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Being of Service

During the past few weeks, I’m getting an average of 4 surveys a week. That is a lot of surveys.

One, in particular, caught my attention like none other. I won’t name the source other than to say it was regarding a recognized organization. The theme of the survey was ‘Being of Service’ and ‘Receiving Value’. OK — I can respond to that.

As I was making my way through the questions, I noticed that the questions were starting to focus on ‘Values’ and not on the ‘Value’ as the survey suggests.

I thought that was a bit odd — there was no indication of the change of direction in the survey from value to values. The statements no longer fit the context.  Expert survey designers don’t let these types of errors get past them; therefore, it is safe to assume, they meant ‘values’.

One sample statement:

On a scale of 1 to 10, rate (the subject organization) on how consistently they deliver values to you as a client.

I just didn’t know how to respond to that.

No flies on me!

 

I checked out the website of the said subject organization to see what they publish as their values, if indeed they do. The five values identified on the website are Integrity, Collaboration, Leadership, Innovation and Diversity and Inclusion.

This little situation got me to thinking . . .

~ How often in business do we insert words or make associations between two different words and assume everyone will understand the shift in context?

One example I see often is the use of ‘efficient’ and ‘effective’ — these two words have completely different meanings, yet they are commonly used interchangeably. We’ve now identified 4 words that are misused or used for different purposes.

Let’s consider this when we talk about “Being of Service”. It is not only people who aim to Be of Service. We use different tools, tech and equipment to provide service, which is often paid for — even in self-service.

How often do we use tools, people, systems and the many resources available, in entirely the wrong way?

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Right intent, wrong application.

What results is that the value of the service is less than what is possible and often less than expected.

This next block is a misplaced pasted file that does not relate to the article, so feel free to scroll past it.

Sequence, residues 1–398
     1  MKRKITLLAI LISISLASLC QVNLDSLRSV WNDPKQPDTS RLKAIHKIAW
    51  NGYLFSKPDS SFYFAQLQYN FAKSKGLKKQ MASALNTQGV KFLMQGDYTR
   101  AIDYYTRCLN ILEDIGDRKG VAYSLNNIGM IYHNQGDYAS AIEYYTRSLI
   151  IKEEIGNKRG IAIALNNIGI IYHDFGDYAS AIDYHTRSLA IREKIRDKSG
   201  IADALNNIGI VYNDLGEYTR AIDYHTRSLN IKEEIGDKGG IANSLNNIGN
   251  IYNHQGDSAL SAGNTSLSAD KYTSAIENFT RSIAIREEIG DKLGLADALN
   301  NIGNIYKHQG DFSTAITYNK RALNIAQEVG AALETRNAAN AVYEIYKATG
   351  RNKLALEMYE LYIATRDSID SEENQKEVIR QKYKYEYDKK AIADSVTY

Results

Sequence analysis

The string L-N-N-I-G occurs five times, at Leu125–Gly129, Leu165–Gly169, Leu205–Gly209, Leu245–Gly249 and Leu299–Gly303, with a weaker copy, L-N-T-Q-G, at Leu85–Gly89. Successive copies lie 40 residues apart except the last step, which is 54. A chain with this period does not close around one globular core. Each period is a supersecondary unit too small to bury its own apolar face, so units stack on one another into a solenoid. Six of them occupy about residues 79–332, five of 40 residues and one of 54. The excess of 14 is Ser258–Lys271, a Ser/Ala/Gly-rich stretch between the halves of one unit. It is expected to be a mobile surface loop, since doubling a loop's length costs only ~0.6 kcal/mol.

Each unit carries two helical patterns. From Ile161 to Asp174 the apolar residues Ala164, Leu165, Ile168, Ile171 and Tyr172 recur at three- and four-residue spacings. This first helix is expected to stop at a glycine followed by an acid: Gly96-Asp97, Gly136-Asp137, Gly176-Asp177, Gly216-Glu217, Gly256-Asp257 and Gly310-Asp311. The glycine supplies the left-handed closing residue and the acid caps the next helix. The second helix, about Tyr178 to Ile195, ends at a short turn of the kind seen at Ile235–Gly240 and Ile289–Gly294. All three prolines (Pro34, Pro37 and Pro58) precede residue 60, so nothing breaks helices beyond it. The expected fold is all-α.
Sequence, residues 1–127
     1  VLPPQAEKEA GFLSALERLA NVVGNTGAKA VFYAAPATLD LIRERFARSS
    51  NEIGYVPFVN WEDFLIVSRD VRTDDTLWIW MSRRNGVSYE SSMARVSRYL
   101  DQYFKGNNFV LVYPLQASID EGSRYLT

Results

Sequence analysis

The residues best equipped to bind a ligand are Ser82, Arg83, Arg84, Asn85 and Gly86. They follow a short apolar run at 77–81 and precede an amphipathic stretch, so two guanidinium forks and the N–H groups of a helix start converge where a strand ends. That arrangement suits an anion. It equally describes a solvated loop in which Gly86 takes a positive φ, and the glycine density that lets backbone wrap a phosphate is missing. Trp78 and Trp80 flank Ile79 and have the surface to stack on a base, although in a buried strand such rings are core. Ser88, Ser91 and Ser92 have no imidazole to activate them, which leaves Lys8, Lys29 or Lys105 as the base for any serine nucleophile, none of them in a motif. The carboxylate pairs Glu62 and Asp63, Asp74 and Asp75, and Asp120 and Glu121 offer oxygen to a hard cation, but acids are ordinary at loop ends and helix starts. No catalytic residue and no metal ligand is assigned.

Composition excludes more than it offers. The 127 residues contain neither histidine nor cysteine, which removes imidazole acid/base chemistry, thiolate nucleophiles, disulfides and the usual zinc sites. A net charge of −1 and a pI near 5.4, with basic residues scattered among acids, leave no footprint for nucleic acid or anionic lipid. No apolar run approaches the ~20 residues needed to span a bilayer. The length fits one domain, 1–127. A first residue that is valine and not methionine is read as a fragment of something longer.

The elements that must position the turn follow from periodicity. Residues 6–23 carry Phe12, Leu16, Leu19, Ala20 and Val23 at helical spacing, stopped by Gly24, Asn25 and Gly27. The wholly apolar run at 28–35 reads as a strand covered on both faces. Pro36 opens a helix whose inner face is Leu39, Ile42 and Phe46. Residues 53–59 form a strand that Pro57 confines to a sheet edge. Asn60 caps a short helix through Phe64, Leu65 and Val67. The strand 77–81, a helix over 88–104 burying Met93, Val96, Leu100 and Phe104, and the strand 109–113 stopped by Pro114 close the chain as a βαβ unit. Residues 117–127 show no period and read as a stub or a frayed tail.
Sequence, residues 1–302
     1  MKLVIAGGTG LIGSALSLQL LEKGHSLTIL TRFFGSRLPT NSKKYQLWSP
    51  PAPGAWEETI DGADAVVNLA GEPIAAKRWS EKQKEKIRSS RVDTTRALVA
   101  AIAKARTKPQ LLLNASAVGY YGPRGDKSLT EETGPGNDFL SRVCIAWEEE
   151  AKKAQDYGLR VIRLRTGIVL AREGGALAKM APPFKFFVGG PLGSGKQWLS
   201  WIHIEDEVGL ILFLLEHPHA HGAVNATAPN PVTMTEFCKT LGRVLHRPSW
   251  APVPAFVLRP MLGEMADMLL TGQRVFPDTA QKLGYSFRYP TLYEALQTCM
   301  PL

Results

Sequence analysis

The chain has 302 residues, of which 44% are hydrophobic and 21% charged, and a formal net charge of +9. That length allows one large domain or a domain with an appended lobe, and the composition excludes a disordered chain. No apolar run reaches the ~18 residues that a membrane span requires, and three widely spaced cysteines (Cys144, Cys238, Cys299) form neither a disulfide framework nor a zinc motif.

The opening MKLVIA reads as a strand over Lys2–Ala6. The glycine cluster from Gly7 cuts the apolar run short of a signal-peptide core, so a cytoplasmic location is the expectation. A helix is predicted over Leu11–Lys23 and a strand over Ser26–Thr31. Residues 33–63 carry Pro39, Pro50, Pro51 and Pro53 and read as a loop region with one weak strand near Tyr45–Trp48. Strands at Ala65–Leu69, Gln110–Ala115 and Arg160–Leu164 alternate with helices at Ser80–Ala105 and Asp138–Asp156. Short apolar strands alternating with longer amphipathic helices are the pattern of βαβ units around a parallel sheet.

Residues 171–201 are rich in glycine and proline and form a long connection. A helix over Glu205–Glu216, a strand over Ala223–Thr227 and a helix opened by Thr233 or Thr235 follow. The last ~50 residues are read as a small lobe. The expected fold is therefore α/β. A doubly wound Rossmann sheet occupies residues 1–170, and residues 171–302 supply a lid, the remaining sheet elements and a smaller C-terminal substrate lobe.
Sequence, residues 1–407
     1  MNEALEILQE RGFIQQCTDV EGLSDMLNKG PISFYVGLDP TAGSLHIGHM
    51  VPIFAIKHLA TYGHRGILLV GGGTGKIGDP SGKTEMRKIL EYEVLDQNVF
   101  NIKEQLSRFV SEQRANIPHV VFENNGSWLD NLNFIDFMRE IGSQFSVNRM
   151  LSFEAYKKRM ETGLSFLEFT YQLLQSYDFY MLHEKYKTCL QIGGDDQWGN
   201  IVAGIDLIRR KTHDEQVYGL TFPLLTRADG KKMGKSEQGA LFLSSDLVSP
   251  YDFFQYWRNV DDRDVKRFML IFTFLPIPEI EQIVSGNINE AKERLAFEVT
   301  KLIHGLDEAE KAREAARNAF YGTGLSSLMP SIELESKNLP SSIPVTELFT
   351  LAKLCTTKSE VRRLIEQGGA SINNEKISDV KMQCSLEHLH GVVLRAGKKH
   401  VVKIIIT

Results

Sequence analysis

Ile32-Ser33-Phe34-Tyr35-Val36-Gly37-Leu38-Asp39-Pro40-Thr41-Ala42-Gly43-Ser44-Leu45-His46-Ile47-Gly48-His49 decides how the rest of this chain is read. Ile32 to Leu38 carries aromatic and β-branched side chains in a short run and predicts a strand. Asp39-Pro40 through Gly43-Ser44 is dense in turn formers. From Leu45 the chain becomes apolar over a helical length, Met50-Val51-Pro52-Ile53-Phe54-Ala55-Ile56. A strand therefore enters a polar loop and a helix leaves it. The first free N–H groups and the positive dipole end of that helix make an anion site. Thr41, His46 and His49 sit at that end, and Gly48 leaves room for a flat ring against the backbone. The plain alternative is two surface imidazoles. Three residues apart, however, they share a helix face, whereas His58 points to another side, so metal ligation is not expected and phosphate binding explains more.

From an old translation of ‘Lessons of the Chinese Masters,’ the following phrases illustrate how completely ineffective efforts can be with the inappropriate use of the ‘tools’. But, used correctly, they are equal to the task and provide value; at times, more than expected.

 

“Horses cannot be used to bear heavy loads; oxen cannot be used to chase the swift.

Lead cannot be used to make swords; bronze cannot be used to make crossbows.

Iron cannot be used to make boats; wood cannot be used to make pots.

Employ them appropriately, use them where they fit, and all things and all beings are equal as one.”

Business systems, tools and values will change. For an organization to remain relevant, it is time to tinker with how they use their most valuable tools and resources.

The term ‘alignment’ is often misused. The concept of alignment has changed dramatically since its early days in the 90s. Today, alignment is the ultimate measure of how effective the company is in ‘Being of Service’ to the final user of products and/or services — the Consumer.

This principle applies to every sector. EVERY SECTOR. Every known sector serves some type of customer.

A culture that is defined by their desire to be effective and to ‘Be of Service’ is one that is acutely aware of how their competition is meeting consumer needs and wants. That type of culture does not simply pay ‘Lip Service’ to serve customers. For strategy, they have an external focus, not solely internal.

Think of the quality of service at your fiercest competitor.

I venture to speculate that ‘Service’ (capital S) is part of their values.

If ‘Service’ is not part of their values, why do give them your money? It is an exchange of value — Money for Service — Without the exchange of value there is no business.

Your thoughts and/or comments are welcome.

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